In 1797, Greensboro resident Peter Harrington was president of the Choptank Abolition Society, formed to promote the end of slavery in Maryland.
Supported by Quakers, some Methodists, and others, regional societies like this worked on the local level. Petitions to the Maryland House of Delegates first focused on the trafficking of slaves and demanded an end to the exportation of slaves and free people of color.
Marketable goods were brought here, transferred to wagons and hauled to Delaware markets. Produce and timber products were delivered and shipped to ports near and far. Through these trade activities, Greensboro residents, free and enslaved, learned about religious revivalism, abolition and other new ideas. The northernmost bridge over the Choptank River was located in Greensboro. Though freedom seekers traveling north were tempted to use bridges, they usually avoided them, as the threat of recapture was high at these obvious crossing points.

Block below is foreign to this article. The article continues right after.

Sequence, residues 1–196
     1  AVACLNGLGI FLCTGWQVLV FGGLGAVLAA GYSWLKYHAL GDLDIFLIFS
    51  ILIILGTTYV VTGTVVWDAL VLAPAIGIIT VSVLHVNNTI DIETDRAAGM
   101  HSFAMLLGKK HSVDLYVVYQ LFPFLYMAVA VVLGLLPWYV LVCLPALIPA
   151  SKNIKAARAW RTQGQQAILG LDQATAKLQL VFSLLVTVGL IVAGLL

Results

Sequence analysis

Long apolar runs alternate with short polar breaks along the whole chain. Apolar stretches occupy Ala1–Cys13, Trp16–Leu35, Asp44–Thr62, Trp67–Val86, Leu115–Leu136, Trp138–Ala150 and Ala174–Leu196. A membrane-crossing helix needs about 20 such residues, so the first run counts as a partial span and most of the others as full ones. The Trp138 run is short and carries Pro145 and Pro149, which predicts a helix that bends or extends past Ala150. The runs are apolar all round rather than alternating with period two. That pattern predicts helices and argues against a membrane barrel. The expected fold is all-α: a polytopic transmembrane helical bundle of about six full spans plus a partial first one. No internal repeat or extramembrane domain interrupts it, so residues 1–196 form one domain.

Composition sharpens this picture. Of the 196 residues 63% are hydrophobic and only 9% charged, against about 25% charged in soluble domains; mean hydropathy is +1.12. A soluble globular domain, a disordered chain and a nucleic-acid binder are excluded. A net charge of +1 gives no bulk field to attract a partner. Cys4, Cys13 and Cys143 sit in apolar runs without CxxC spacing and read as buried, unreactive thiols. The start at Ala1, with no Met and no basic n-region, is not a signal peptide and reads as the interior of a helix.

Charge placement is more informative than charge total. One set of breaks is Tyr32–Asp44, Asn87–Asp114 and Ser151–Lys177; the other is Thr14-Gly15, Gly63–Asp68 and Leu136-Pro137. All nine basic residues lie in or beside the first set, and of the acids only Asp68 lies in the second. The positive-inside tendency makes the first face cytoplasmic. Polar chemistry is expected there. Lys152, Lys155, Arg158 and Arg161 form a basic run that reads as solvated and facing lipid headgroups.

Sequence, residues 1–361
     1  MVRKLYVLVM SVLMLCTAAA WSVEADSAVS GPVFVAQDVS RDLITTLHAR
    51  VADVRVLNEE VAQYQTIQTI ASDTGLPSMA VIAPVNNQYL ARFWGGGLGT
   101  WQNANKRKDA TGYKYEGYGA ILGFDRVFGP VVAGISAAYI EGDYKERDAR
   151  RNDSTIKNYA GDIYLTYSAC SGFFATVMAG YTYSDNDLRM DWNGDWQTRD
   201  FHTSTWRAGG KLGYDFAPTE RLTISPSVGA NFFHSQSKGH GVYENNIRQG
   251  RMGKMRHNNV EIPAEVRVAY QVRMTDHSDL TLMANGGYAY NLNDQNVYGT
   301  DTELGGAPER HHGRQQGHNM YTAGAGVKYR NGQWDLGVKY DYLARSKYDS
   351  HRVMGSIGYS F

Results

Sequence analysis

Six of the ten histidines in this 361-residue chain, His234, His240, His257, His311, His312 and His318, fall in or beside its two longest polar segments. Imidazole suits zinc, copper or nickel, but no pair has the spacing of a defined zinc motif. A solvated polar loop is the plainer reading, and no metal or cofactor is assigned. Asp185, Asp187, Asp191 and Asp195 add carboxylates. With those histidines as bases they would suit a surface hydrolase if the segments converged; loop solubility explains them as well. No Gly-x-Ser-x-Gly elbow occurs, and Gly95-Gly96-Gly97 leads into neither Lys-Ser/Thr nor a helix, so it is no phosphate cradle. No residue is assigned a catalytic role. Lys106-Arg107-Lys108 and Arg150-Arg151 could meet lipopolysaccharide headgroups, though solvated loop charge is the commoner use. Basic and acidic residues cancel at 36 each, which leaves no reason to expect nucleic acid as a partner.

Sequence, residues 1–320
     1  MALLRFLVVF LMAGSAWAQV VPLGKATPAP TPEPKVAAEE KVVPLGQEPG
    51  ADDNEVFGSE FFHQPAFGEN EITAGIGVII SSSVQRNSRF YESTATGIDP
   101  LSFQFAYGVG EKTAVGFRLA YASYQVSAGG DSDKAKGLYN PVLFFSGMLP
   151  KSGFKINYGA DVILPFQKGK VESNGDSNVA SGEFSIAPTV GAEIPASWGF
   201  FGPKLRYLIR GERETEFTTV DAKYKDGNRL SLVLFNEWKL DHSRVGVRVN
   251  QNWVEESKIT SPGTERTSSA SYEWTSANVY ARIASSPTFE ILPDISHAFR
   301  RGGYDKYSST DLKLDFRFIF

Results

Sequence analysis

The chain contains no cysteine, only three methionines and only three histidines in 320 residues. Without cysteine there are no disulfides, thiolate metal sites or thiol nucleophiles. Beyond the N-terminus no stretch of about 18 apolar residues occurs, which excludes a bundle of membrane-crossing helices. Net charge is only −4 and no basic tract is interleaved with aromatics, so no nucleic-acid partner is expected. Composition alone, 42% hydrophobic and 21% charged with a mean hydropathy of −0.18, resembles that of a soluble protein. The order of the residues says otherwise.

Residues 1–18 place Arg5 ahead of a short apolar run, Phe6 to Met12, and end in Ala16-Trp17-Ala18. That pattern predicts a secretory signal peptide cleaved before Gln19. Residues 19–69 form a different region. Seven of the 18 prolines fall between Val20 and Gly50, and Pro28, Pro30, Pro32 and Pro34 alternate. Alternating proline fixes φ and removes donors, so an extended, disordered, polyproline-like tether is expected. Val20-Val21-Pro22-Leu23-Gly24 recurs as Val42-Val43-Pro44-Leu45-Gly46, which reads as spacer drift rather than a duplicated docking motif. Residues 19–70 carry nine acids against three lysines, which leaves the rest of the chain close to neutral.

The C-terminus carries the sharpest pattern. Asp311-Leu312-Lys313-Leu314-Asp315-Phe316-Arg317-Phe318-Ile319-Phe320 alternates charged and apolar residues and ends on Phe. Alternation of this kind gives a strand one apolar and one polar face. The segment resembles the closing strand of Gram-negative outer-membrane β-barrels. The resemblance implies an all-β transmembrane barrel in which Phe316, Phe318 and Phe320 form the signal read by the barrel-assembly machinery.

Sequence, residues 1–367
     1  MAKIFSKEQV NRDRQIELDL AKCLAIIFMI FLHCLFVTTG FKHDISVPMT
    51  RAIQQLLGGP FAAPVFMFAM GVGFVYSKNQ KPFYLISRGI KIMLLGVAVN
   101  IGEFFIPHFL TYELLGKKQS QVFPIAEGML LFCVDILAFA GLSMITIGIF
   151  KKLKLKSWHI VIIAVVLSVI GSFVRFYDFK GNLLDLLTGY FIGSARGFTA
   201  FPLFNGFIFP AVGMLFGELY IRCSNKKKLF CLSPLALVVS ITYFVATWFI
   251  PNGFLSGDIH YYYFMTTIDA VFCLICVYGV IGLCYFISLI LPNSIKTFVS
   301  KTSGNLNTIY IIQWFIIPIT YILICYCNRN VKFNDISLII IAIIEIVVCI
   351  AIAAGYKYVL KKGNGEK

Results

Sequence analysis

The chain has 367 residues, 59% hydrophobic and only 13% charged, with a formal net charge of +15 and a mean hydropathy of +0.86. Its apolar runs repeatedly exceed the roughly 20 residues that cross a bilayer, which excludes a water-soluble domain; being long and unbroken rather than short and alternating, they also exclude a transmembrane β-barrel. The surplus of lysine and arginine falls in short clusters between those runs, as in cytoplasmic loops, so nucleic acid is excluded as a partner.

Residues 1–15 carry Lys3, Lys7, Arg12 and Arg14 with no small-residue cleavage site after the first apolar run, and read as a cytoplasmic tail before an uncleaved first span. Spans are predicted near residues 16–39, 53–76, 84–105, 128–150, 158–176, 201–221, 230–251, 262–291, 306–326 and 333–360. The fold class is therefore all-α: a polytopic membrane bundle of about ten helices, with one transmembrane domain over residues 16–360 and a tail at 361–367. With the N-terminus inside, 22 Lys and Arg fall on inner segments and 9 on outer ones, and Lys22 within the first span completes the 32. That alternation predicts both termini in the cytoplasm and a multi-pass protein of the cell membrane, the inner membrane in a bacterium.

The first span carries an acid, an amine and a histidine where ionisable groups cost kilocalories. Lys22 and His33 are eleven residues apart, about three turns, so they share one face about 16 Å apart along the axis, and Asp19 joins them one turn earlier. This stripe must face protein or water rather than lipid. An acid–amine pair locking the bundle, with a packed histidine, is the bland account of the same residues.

In 1849, the year Harriet Tubman escaped, scores of freedom seekers fled nearby Talbot County. The slaveholders knew many were moving through Caroline County on their way to Delaware and beyond. Some of them, no doubt, passed near here. In August 1852, two men from Sandtown, Delaware, tried to entice a slave named Tom to escape. Tom informed his master, and an ambush was set to capture the two men in Greensboro. News reports suggested that the men were going to kidnap Tom and sell him to slave traders in the Deep South.
North Main Street and Cedar Lane
Greensboro, MD 21639
GPS Coordinates: 38.976015,-75.804296
- Parking on side road
- Lodging nearby
- Restaurants nearby